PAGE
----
Madelaine88 wrote:

Two thirds of the roads from A to B are at least 5 miles long, and 1/4 of the roads from B to C are at least 5 miles long. If you randomly pick a road from A to B and then randomly pick a road from B to C, what is the probability that at least one of the roads you pick is at least 5 miles long?

(A) 1/6

(B) 1/4

(C) 2/3

(D) 3/4

(E) 11/12

We are given that 2/3 of the roads from A to B are at least 5 miles long (which means that 1/3 of the roads from A to B are less than 5 miles long) and 1/4 of the roads from B to C are at least 5 miles long (which means that 3/4 of the roads from A to B are less than 5 miles long). We need to determine the probability that when picking a road from A to B and B to C, at least one of the roads is at least 5 miles long.

We can use the following formula:

P(selecting at least 1 road that is at least 5 miles long) + P(selecting no roads that are at least 5 miles long) = 1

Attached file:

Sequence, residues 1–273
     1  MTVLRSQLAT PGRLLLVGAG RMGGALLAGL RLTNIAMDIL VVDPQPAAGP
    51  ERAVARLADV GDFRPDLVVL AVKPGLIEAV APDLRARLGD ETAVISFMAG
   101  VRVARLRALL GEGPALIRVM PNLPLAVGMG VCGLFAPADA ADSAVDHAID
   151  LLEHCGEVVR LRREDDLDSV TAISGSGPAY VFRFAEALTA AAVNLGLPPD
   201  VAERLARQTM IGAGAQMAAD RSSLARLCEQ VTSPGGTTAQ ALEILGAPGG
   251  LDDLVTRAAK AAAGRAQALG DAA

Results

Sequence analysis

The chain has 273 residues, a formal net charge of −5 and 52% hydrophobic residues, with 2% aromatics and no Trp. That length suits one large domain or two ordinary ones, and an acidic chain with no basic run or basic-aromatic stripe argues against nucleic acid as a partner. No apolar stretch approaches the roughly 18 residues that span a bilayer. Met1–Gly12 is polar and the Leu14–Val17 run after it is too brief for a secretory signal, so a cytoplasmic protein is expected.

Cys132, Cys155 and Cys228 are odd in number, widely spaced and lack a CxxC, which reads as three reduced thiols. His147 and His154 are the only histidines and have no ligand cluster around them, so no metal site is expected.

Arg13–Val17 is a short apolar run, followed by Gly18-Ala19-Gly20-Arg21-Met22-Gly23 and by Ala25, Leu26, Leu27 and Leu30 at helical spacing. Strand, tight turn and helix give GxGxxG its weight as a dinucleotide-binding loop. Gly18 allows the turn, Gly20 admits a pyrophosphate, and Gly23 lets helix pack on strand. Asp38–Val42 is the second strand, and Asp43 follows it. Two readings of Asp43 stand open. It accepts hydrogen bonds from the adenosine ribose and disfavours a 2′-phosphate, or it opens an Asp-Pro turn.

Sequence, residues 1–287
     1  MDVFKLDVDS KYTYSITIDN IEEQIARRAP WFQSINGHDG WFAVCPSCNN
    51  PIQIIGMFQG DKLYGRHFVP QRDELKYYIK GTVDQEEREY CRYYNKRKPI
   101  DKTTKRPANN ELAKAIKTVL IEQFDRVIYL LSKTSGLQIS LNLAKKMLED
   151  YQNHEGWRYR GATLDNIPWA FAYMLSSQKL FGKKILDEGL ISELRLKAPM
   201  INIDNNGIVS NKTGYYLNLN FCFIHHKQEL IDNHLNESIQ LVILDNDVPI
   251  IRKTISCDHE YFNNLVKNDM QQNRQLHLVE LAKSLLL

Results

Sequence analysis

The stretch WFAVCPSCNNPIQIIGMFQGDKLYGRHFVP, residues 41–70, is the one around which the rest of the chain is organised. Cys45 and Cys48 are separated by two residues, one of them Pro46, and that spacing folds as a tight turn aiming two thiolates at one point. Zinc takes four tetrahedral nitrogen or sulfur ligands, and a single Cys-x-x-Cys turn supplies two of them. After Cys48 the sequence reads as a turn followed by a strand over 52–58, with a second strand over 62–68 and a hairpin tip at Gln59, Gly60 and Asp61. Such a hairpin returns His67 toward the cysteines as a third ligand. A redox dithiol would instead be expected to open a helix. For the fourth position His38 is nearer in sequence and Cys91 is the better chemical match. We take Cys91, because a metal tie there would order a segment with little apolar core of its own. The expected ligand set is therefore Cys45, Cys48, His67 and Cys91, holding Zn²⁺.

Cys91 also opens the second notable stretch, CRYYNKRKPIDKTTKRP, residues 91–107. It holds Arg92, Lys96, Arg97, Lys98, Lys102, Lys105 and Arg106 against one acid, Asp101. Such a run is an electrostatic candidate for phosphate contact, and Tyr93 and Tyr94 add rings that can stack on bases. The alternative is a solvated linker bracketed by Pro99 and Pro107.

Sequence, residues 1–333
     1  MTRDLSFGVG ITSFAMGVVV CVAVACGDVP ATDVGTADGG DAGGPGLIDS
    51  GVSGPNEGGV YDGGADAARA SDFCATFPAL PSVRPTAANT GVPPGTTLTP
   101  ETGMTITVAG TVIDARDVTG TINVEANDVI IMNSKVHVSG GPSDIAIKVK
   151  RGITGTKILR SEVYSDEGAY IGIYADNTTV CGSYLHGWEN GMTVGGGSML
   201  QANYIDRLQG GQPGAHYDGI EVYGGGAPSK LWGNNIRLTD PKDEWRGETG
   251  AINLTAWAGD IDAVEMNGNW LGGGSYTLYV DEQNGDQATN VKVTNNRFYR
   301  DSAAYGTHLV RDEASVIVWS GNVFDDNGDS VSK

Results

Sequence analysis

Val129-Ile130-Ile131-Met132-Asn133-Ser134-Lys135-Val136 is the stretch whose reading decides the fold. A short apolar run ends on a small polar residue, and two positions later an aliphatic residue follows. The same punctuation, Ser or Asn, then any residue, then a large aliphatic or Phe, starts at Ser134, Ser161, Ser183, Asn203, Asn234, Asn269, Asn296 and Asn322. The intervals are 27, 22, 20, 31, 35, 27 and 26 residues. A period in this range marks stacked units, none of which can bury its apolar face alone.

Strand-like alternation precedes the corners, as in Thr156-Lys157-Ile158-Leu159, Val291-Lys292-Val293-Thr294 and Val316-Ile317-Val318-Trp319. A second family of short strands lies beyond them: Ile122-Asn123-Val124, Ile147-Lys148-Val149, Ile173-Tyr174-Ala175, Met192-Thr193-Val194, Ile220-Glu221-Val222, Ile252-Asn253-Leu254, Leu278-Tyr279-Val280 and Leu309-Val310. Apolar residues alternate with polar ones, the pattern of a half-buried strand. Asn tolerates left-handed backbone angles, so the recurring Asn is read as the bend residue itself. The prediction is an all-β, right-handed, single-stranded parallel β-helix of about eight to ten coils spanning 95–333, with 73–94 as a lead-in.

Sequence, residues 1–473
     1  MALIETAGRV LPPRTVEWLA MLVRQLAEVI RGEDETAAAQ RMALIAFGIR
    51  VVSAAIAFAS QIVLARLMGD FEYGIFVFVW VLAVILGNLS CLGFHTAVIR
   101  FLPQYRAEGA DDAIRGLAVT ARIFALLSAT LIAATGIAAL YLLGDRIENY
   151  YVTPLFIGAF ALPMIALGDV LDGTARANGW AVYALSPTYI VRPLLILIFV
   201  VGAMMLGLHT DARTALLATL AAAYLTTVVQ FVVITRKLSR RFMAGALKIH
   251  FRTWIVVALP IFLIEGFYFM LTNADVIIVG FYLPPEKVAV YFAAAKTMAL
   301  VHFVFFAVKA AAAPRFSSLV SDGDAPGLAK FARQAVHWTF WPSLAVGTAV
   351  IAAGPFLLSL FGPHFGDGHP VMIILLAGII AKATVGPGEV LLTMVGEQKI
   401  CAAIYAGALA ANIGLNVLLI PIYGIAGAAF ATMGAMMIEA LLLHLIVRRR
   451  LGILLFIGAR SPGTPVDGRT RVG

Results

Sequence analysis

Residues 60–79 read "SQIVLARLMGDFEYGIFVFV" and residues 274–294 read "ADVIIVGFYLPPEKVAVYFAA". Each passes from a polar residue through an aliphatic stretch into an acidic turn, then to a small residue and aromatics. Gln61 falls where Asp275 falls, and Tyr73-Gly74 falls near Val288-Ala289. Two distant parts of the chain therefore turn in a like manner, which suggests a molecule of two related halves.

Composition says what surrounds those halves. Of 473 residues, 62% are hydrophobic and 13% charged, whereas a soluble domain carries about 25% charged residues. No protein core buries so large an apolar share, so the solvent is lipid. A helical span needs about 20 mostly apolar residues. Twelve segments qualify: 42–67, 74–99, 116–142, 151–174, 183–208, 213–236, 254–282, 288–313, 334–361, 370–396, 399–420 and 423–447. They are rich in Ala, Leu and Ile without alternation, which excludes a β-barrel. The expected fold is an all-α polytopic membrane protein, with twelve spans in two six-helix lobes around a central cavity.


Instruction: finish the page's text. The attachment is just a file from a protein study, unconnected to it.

P(selecting at least 1 road that is 5 miles long) = 1 - P(selecting no roads that are at least 5 miles long)

P(selecting at least 1 road that is 5 miles long) = 1 - P(selecting all roads that are less than 5 miles long)

Thus, if we can determine the probability of selecting all roads that are less than 5 miles long, we’ll quickly be able to calculate the probability of selecting at least 1 road that is at least 5 miles long.

The probability of selecting all roads that are less than 5 miles long is: 1/3 x 3/4 = 1/4

Thus, the probability of selecting at least 1 road that is at least 5 miles long is: 1 - 1/4 = 3/4

Answer: D

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